Questions on Chinese-Russian relations were dealt with by Putin emphasising the areas in which Russia and China are working together (trade, sharing military technologies, developing infrastructure, holding joint military exercises).
A question from Anton Roux, head of the ADC Forum in Melbourne, on how Putin might wish to be remembered, brought forth Putin’s reply that he is not concerned about his reputation or how future generations of Russians might see him. (A very interesting response indeed, given that many Western leaders seem anxious about leaving a highly burnished reputation behind despite being very mediocre politicians.)
The last question put to Putin concerned the lack of government support for Antarctic research, even though a research station was already under construction with government funding, and Putin promised to bring up this issue with the relevant government department and find out why the research funding is being neglected.
While the range of questions put to Putin covered many different areas, and many related to domestic Russian issues as well as international issues, Putin’s responses generally err on the side of caution, with a conservative attitude that stresses co-operation and mutual agreement, and Russia’s strategic interests. While this means Putin’s answers are not exciting or particularly revelatory, one can understand the caution given that many questions came from people living overseas in countries where anti-Russia propaganda is in full swing among people at all levels of society and some of these questions may have required careful answers.
Perhaps the most significant revelation for Western audiences is that Putin actually approved the transfer of Alexei Navalny to Germany for medical treatment despite knowing that Navalny was a criminal. Amazingly, no-one seems to have asked why he personally intervened and gave permission for Navalny to be flown overseas. Surely Putin’s action casts a slur on the heroic attempts of the doctors, specialists and nurses at the Omsk hospital to save Navalny’s life?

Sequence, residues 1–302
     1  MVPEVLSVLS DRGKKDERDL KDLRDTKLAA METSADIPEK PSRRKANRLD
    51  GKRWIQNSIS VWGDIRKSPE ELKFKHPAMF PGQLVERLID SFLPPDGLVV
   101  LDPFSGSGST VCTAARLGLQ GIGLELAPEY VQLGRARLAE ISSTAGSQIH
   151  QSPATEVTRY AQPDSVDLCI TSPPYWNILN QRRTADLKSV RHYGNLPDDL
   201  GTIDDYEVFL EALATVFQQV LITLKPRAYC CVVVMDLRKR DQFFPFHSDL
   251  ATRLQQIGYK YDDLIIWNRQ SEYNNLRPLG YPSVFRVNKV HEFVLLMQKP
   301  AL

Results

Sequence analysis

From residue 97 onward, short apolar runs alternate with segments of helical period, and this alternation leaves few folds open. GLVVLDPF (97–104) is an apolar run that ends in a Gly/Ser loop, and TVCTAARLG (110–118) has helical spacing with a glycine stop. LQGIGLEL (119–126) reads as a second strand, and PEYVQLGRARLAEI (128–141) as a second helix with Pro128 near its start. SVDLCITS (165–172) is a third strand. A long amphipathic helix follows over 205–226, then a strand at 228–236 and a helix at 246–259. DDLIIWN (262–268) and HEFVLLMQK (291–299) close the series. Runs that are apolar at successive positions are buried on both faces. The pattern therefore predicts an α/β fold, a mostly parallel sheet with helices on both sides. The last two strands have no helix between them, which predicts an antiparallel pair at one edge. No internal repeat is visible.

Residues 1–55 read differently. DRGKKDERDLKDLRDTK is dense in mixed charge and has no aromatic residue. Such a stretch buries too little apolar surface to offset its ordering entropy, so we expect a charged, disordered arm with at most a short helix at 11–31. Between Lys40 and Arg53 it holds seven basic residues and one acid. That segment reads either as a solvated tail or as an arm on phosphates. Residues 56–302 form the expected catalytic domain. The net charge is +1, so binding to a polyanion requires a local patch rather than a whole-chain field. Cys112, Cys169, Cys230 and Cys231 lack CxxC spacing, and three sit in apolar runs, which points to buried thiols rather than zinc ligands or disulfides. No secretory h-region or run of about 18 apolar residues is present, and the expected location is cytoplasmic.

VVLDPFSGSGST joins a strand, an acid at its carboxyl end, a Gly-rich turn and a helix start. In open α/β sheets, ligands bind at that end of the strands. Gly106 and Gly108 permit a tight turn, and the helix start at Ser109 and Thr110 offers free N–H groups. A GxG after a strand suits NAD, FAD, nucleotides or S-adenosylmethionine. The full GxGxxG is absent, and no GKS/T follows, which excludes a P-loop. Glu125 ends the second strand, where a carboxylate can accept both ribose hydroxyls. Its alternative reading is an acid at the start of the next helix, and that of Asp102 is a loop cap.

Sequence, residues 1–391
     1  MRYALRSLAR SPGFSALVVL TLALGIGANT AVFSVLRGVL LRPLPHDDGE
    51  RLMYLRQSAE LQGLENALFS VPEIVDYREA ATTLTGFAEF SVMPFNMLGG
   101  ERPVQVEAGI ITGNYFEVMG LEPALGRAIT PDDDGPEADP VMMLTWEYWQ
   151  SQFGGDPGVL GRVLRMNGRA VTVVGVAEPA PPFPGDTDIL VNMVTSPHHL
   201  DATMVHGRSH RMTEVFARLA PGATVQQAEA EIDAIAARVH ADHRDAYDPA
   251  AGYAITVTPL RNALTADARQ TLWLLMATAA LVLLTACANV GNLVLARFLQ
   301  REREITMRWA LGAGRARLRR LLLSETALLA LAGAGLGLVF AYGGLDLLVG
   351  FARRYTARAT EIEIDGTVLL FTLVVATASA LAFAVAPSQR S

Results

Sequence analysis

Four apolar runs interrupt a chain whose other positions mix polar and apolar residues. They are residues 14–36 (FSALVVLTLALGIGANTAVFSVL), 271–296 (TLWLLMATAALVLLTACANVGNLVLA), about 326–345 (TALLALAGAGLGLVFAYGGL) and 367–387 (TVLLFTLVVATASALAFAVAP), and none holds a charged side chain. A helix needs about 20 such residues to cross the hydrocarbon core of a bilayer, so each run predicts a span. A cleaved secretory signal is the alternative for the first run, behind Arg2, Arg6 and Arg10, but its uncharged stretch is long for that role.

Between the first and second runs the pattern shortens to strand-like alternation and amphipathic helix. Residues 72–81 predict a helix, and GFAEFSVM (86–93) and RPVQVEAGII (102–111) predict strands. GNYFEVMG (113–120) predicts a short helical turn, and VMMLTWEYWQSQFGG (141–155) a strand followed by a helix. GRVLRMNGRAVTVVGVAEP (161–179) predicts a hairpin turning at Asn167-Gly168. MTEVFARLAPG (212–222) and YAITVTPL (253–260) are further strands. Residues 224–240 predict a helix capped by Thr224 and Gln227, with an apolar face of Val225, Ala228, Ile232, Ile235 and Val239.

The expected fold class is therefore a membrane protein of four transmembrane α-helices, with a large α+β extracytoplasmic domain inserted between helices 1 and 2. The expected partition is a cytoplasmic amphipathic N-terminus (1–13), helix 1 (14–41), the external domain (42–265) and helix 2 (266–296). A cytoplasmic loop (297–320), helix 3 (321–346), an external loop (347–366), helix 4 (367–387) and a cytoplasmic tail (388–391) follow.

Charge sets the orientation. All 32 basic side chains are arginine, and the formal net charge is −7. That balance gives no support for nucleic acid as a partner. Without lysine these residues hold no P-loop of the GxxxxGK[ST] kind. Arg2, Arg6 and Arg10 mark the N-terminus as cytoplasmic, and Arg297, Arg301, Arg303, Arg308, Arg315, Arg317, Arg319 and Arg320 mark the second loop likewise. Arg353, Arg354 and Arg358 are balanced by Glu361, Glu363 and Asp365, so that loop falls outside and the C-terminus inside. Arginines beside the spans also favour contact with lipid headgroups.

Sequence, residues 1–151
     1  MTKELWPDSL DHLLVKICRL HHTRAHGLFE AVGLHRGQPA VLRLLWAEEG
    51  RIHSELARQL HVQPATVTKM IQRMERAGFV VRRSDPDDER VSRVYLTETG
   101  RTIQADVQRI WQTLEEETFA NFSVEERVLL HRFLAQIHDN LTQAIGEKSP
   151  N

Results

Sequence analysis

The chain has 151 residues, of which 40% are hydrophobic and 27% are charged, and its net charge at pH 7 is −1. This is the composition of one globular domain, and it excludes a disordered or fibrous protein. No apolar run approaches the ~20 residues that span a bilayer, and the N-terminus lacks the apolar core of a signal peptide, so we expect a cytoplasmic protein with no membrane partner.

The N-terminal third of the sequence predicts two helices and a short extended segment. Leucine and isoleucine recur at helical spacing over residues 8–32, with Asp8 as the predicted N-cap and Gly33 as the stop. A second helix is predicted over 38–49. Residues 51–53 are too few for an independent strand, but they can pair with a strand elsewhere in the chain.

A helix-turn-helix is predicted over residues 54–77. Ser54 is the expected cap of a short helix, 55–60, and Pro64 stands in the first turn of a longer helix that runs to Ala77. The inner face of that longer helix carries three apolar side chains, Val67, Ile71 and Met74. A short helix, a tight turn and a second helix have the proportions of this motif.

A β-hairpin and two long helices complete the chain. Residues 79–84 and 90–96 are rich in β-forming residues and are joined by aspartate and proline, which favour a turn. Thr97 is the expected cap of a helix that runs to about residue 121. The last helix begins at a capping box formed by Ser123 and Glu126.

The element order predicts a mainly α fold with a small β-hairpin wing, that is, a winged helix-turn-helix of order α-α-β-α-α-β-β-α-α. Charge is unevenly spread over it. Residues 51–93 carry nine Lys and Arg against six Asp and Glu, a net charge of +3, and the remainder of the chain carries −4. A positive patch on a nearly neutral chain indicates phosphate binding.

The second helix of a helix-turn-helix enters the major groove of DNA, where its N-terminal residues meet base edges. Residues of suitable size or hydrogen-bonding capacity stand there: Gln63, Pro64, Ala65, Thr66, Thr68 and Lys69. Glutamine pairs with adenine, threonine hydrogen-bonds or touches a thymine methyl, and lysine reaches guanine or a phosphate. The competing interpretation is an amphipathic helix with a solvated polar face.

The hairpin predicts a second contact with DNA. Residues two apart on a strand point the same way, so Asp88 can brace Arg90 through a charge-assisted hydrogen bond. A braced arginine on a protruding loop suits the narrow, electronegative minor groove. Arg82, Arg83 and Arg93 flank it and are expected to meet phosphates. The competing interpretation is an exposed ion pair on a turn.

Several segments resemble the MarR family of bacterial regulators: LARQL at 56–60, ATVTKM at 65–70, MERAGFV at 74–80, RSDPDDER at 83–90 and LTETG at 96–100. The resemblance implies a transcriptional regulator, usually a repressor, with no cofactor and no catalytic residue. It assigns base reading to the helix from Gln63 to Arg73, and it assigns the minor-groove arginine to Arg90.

Several of the questions asked were typical of questions Putin gets during his annual Q&A sessions with the Russian public and one might expect that in future Valdai Club Meetings, the moderators perhaps should steer questions away from issues of a domestic nature and encourage people to ask questions relevant to the topics raised in the annual Meetings. The downside of this suggestion though would be to make the Valdai Club Meetings rather less attractive and accessible to the Russian general public and perhaps limit its access to Putin to raise his awareness of important national and regional issues. For his part, Putin may not mind being asked questions concerning domestic issues at the annual Valdai Club Meetings if he is keen on keeping a finger on the public pulse.
It seems very odd that Westerners in Putin’s audience did not press him further on his vision of what constitutes a free, strong and independent civil society with vibrant institutions supported by the state and the citizenry, or challenge him on what he says or insinuates about the United States and its alliesi, or those NGOs and international organisations that act as regime-change agents and creators of instability and chaos. In my view, we have missed an opportunity to learn something from Putin and what his vision of Russia might be.
A transcript of this Q&A forum and of Putin’s speech preceding it can be viewed at this link.